Luke 1:26-38 “The Eternity of a Pause”
My best friend, Sarah, and I have a lot of things in common. We have similar tastes, similar commitments to our families and to the work we do. We vacation well together – a true test of friendship, I think. We have a lot in common, but one of the ways we really differ is how we make big decisions. I tend to go with my gut, and Sarah makes lists. I visited three colleges, but when I visited the University of Iowa, I knew instantly that is where I wanted to go. I stopped looking and applied only there. Sarah visited 12 colleges and made pro and con lists, and spreadsheets mapping out price, financial aid, and scholarship opportunities, and she applied to all 12. Luckily, she picked Iowa too, that’s where we met. When I bought my house, I walked in and knew it was mine instantly. I made an offer within an hour of my tour, and the majority of that hour was filling out the paperwork. Sarah looked at dozens of houses, decided to build in a new development, and spent HOURS on the phone with me agonizing over every detail. I accepted the offer from every job I have had on the spot, Sarah asks how long she has to decide and takes every minute.
Sarah and I have a lot in common, but how we make decisions, big and small, is incredibly different. Some may call her indecisive, others will call me rash. Both are right. I make quick decisions, trusting my instincts and relying on my stubbornness when my decisions turn out to be the wrong ones. Sarah examines things from every angle but when she makes her decisions, she sticks by them (our stubbornness is also something we have in common). And I think the difference about how we make choices is why she and I think of the story of Gabriel’s visit to Mary so differently.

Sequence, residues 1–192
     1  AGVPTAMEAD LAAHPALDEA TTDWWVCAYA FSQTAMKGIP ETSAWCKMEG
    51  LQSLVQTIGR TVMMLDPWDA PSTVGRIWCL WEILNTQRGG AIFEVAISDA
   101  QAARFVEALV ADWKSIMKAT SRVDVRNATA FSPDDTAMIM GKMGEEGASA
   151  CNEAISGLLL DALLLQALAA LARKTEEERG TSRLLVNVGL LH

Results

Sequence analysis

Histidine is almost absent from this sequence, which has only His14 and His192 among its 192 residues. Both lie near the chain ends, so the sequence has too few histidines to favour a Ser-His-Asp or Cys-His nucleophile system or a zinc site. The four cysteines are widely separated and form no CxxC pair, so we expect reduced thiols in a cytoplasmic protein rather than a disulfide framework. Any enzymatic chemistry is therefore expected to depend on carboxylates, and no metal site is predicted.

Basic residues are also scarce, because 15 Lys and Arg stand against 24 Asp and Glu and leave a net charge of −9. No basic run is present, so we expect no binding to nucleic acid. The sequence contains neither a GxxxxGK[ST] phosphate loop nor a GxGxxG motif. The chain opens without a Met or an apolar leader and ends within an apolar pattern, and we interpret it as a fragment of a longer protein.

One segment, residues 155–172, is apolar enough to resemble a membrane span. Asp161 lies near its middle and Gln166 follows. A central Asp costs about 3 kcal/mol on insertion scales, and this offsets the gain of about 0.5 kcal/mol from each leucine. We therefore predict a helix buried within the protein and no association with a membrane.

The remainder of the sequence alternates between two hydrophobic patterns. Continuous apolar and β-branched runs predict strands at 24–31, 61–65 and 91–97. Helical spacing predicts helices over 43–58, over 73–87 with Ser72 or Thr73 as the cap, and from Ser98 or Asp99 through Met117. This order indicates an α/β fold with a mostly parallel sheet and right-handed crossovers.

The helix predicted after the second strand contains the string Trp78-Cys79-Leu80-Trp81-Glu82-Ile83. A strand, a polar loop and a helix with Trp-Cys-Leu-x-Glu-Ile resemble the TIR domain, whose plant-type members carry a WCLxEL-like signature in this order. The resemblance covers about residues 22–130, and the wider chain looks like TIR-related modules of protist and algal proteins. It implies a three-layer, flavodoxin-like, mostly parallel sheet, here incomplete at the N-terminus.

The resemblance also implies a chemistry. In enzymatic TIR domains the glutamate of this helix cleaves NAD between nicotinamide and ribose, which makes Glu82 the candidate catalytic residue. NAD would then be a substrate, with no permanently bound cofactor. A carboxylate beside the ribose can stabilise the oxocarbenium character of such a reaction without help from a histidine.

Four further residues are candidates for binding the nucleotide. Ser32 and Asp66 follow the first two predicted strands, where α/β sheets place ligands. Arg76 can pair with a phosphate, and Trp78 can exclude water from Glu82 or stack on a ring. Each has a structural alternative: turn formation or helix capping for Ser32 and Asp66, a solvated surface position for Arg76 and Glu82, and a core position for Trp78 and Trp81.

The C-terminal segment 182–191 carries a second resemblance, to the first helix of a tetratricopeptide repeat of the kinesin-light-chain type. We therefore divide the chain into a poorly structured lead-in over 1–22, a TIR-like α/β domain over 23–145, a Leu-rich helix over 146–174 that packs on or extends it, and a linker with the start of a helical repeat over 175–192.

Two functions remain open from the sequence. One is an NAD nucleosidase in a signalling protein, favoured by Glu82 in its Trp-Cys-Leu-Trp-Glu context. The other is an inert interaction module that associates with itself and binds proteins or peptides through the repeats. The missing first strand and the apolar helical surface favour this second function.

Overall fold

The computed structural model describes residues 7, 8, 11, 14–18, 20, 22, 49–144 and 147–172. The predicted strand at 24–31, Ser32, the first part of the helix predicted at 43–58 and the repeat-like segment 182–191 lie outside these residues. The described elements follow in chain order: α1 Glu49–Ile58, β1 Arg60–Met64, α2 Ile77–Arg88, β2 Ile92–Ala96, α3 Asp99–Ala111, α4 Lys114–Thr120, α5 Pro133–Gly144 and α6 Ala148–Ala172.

The conversation took place in my car back when I lived in Maine. She had visited me for Thanksgiving and the day after we took a trip to a coastal town for some site-seeing and shopping. On the drive home the popular Christmas song, “Mary Did You Know” came on the radio. I am sure many of you know it, but if you don’t the song is basically a series of questions to Mary: “Mary, did you know your baby boy will one day walk on water?…Mary, did you know that your baby boy will calm the storm with his hand?” On and on the song goes.
As the song played on the radio, Sarah turned to me and asked, “What did Mary actually know when she said yes?” “Yes?” I asked. “Did Mary actually know what she was getting into when she agreed to carry Jesus?” That is what Sarah wanted to know – had Mary read the fine print? Sarah, I should point out, always reads the fine print. I explained to Sarah that Mary didn’t know much – she knew the Jesus was to be the Son of God. But the details, no, she didn’t any know that. Sarah wasn’t satisfied. What a thing to agree to without having all of the facts before hand.